CEO of Kualoa Ranch Speaks to CUH students


Megan Robinson

Morgan spoke about conservation, sustainability, agriculture, cultural and historic preservation to enhance the experience of Kualoa Ranch while keeping true to the companies mission.

John Morgan, CEO of Kualoa Ranch, was featured as a special guest speaker in the Clarence T.C. Ching Conference Center on Nov. 30, arranged by Chaminade’s office of advising and career preparation. He spoke to a couple dozen of Chaminade students on the history of Kualoa Ranch, being a rancher in Hawaii, his challenges along the way, new endeavors, and new cultural and historical stewardship practices implemented at the ranch.

For 80 minutes, Morgan illustrated “turning dreams into reality” by presenting his experiences of dropping out of school after two years at Oregon State University and decided to form a career out of the family-owned land. He has been working on the ranch since 1971 at 14 years old. He states this realization among many other experiences as “recognizing an opportunity and acting on it.”

Morgan is descendent of Dr. Garrett Judd, a missionary dentist who befriended King Kamehameha III and purchased the Kualoa land in 1850. The family ranch has expanded generations after and significantly diversified its resources over the past 15 years to preserve the unique heritage and scenic beauty of the property.

He has changed the vision of the ranch by reconnecting visitors with the Hawaiian cultural history. It is part of the company’s mission to honor and perpetuate an understanding of the significance and uniqueness of Kualoa’s lands to the ancient Hawaiian people. The company understands the Hawaiian cultural sensitivities and the protocols are respected and interpreted through the assistance of outside resources as well as dedicated staff members.

Along with the many improvements that have been made in the business from what was once just a tourist getaway, they developed recreational and agricultural enterprises that are compatible with the environment to help visitors understand the preservation of the land through sustainable and conservation practices. Morgan calls this “continual improvement.”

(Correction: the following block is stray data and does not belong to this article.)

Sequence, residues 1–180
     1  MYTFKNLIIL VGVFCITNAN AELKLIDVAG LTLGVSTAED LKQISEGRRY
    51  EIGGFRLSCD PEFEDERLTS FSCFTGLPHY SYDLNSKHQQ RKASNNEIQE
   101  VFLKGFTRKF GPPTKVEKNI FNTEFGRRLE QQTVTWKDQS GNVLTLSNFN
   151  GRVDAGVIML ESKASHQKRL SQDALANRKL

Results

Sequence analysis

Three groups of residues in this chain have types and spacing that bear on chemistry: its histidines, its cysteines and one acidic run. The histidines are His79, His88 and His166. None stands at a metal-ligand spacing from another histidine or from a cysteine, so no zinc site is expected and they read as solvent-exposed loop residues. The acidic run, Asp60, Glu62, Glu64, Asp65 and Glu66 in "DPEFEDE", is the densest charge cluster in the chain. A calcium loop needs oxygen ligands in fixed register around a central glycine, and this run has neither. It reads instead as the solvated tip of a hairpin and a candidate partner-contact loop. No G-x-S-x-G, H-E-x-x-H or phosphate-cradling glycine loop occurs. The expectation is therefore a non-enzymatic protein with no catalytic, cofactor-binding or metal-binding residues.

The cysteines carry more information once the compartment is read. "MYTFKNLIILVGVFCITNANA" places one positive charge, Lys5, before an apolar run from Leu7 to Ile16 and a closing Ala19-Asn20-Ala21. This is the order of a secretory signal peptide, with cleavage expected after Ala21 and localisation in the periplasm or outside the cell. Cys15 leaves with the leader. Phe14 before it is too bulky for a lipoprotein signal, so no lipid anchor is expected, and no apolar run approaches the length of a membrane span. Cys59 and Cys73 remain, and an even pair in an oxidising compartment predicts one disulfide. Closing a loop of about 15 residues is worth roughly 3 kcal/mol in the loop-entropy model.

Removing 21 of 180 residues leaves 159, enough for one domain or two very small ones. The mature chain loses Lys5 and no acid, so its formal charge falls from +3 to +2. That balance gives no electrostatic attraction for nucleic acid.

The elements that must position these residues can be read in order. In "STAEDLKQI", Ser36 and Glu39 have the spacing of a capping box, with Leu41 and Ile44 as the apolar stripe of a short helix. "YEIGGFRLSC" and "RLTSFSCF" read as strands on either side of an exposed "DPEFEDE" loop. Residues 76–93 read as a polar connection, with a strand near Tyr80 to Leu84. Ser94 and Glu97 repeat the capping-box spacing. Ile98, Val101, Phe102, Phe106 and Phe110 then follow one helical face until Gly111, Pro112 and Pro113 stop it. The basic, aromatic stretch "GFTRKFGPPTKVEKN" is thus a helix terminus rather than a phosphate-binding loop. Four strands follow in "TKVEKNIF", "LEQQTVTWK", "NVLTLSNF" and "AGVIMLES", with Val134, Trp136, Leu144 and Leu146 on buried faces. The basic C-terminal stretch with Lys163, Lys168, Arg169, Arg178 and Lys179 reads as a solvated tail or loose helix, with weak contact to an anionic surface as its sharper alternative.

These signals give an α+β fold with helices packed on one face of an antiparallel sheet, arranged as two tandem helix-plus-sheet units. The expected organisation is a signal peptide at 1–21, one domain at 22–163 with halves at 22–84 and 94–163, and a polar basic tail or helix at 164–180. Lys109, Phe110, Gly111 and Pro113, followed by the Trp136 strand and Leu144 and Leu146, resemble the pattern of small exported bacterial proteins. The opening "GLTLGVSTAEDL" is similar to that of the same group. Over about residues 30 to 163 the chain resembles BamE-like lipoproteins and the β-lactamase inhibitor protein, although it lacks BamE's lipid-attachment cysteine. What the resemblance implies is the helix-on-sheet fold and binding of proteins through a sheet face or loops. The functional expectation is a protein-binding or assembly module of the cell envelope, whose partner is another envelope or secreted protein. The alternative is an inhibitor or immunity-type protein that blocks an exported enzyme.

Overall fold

Kualoa has been utilized for movie sets. It has become known as Hollywood’s “Hawaii backlot” and features on numerous films from “Pearl Harbor,” “Godzilla” and “50 First Dates.” TV and shows including the “Hawaii Five-O”, “Magnum P.I.” and “LOST.”

Through his dedication to going back to school, seeking mentors, networking with associations and organizations, Morgan has been able to make many improvements and changes to the business and land itself.

“I decided to push myself,” he said. “I was managing the ranch in 1981, I was a young guy taking over this place and I pushed myself to learn about the community, so I got involved. I ran for the neighborhood board, I got into the Oahu Cattle[men’s] association, [Hawaii’s] Tropical Foliage Association. These were the ways I started to advance my abilities and context in the community so I could advance myself and the interest of the ranch.”

This initial advancement for Morgan was the stepping stone that manifested into further improvements for himself and the well being of the ranch. His first big venture was investing into a $100,000 leather leaf business that later failed due to his lack of understanding of the business market at the time. He uses this experience to further emphasize a lesson transforming failure into positive energy and actions.